AVC: Why did our schools go awry?

DG: The film is definitely a wake-up call. It steps back a little bit and gets simpler, like An Inconvenient Truth. Most environmentalists didn’t need to hear that—it was kind of simple-minded for environmentalists. For most people, they don’t get why we are where we are today. It’s like a primer on why we got here.


AVC: What do you say to people who counter that testing illustrates that charter schools don’t do better than regular public schools?

DG: There are a lot of charter schools that don’t do better, and we put the study in the movie that only one in five do better than the school average. It’s a relatively new experiment, charters. All charter means is that they work outside district rules and union contracts. So they can do, some will—


AVC: They’re not bound by the logjam, or inertia.

DG: Yeah, but also it means they can do anything they want, and some haven’t done the right thing. So those should be shut down. They fail for all the reasons other schools fail—they don’t have great teachers, they don’t have great leaders, they don’t have a great mission. But the ones that are doing well, the one in five that are doing well, are usually a system of high-performing charters. You can’t ignore them, because they’re doing so incredibly well, and they’re sending 90 percent of their kids to college. And they’ve disproven a bunch of strongly held beliefs, like you couldn’t break the sound barrier. You know, “Those kids can’t learn, parents are the problem, you can’t fight these environmental issues like poverty.” And they provide, for everyone, the ingredients for success to put into mainstream schools. Those ingredients aren’t difficult, they just take political will.


AVC: Conventional wisdom contends that our schools are failing because we aren’t spending enough money and we aren’t paying teachers enough, but your film suggests it’s a lot more complicated than that.

DG: There’s this riddle that we’ve doubled the money that we spend on schools, and yet our numbers have flat-lined. The solution is great teachers. The high-performing charters have great teachers, so the real effort would be “How do you recruit the very best, and how do you develop them?” We don’t do that. “How do you reward the good ones and get rid of the bad ones?”


AVC: It seems like free-market incentives aren’t at play in the school system.

DG: The way it’s built—and this isn’t me, this is some study in New York—all teachers are exactly the same. They’re widgets, and you just plug them in. And that’s why if this one isn’t working, move them to that school. As opposed to “Teachers are professionals that you need to recruit.” If you need professionals working in your corporations, you need to recruit the very best, and you need to develop them so they understand your mission, and they grow in your company, and you need to reward them so they don’t go somewhere else. And if someone isn’t working, you need to lose them. And if they’re not working to realize your vision, you need to get rid of them. That’s how you make any great organization. That’s how you make a movie, that’s how you make a business. They just literally plug in teachers, they treat them all the same.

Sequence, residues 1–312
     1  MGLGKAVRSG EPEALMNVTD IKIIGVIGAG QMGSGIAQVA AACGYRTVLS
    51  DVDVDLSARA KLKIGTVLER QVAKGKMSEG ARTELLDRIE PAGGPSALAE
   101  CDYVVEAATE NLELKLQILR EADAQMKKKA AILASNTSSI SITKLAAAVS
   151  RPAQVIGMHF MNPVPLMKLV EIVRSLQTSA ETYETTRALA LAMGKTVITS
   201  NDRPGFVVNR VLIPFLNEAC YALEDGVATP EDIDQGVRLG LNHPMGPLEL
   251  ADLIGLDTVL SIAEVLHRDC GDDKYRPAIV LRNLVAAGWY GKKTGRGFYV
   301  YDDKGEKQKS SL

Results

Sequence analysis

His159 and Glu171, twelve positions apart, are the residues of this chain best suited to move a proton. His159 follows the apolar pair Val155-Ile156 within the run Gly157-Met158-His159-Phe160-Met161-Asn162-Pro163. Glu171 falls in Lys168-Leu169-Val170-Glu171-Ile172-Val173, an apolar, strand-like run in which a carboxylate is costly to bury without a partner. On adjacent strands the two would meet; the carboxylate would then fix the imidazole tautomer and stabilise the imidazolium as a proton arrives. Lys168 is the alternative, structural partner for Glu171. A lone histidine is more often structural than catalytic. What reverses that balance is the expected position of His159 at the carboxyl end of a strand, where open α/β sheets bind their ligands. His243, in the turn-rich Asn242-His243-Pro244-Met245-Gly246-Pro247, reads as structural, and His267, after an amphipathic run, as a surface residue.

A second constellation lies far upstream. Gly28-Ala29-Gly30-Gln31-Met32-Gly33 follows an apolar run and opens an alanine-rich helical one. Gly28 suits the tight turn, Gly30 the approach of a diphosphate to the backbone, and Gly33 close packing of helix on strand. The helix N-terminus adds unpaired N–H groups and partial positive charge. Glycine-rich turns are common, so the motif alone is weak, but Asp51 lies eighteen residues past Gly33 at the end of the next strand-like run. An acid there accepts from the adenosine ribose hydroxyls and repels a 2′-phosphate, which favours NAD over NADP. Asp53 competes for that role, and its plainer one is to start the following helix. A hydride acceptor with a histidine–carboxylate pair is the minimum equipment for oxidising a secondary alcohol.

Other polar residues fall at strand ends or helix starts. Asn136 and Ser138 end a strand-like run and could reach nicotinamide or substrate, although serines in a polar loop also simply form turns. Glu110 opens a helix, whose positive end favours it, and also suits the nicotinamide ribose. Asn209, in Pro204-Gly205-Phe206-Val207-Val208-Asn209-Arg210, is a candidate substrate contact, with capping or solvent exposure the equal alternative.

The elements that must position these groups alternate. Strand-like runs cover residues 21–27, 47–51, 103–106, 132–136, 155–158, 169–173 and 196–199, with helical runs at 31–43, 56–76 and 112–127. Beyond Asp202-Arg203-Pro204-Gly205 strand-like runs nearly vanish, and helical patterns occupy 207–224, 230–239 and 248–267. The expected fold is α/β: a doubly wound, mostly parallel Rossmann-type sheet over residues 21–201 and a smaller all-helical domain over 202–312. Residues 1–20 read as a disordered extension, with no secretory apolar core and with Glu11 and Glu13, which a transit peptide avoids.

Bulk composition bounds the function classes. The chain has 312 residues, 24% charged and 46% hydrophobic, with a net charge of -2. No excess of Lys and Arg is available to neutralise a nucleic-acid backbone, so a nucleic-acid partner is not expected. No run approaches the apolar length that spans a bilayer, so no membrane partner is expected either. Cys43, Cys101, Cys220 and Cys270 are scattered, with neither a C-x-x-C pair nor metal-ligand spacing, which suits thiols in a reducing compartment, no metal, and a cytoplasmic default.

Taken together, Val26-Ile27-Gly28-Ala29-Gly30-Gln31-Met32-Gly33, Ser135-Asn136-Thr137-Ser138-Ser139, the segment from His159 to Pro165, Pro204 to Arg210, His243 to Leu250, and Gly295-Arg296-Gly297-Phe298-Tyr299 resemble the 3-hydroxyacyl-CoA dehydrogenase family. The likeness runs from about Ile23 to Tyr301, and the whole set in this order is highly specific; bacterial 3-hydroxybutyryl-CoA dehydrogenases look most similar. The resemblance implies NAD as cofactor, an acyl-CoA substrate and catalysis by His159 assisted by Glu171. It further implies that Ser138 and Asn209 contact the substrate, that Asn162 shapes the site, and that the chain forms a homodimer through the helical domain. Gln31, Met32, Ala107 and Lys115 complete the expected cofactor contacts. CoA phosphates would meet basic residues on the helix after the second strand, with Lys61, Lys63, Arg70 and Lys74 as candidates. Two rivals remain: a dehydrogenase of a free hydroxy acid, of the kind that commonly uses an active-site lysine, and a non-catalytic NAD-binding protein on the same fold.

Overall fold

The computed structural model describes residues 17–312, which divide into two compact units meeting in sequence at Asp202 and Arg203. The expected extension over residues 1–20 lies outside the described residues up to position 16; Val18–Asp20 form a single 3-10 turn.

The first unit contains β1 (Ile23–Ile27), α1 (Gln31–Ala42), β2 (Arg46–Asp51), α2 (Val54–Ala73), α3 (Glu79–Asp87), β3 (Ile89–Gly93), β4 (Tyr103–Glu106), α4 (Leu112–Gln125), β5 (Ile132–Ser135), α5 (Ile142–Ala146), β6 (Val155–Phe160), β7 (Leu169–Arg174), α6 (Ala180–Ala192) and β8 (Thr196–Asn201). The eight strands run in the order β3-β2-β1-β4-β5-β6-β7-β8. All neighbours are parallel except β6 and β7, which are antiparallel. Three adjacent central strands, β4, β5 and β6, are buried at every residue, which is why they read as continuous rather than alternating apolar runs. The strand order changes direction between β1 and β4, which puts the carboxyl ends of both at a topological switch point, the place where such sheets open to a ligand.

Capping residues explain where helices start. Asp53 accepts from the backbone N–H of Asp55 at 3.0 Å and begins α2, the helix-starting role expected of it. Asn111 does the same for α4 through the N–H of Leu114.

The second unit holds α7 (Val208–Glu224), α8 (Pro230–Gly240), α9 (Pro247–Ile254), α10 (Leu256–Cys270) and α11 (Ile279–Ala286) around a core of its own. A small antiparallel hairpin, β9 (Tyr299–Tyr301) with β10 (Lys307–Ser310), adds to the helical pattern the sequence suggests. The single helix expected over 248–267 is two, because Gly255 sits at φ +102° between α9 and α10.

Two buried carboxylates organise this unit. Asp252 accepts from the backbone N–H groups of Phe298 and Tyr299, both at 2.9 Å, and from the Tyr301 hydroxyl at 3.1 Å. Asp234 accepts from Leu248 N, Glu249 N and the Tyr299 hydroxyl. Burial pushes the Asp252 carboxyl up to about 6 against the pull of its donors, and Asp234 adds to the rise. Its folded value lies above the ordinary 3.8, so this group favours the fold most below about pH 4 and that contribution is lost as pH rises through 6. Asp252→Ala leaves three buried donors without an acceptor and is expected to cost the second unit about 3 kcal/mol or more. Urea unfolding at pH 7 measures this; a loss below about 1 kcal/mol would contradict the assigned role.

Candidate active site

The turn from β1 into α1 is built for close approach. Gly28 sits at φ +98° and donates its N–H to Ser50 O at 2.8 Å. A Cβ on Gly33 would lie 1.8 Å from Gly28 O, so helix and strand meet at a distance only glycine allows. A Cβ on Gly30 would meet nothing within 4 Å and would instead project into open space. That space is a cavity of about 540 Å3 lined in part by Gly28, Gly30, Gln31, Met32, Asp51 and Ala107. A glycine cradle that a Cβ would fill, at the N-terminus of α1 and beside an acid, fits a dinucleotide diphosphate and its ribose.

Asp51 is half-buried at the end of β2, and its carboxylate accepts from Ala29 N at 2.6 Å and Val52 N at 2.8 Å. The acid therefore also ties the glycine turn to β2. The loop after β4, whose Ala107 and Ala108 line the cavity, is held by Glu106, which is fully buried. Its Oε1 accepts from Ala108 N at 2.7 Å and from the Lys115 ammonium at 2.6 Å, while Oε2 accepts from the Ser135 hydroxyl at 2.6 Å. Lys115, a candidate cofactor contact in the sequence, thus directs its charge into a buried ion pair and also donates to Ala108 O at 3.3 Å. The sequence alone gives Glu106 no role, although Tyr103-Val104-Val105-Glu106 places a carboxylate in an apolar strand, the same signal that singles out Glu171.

AVC: So where did schools go awry?

DG: I get shit, I get in trouble in the movie for saying our schools were the best in the world. A lot of people say that they were okay up until the ’70s, but they were built for a system that was only supposed to get 10 to 15 percent to college. I talk about it in the movie—that’s what we needed. We needed factory workers and agricultural laborers and middle managers, but the world changed, and we didn’t. Now, what we need… We went from agricultural to industrial to manufacturing to now a service-and-information society, and we’re still on a manufacturing model where only a small percentage need to go to college. So even these really good schools, in these suburbs where if you buy an expensive home you can go to a “good school,” most of those are really only geared toward educating the top 10-15 percent, the upper track. Even those schools that are supposed to be good are built for another era. The big problem is that we never adapted. We never evolved. And now it’s a whole new idea. We have, in the movie, I think 150 million high-skilled, high-paid jobs, but we’re only going to produce about half that. Our schools are not geared toward building, preparing kids for the modern economy. And they really don’t—underneath that is this sort of thinking that all kids can’t learn. The new revolutionaries, these new insurgents, are saying “No, every kid can learn.”


AVC: You’re setting children up to fail.

DG: Yep. Underneath it, in An Inconvenient Truth, we talked a lot about the unspoken decisions that people make in their heads. “Oh, the world’s too big to change. Oh, environmentalism is unpopular…”


AVC: “The system is too ingrained.”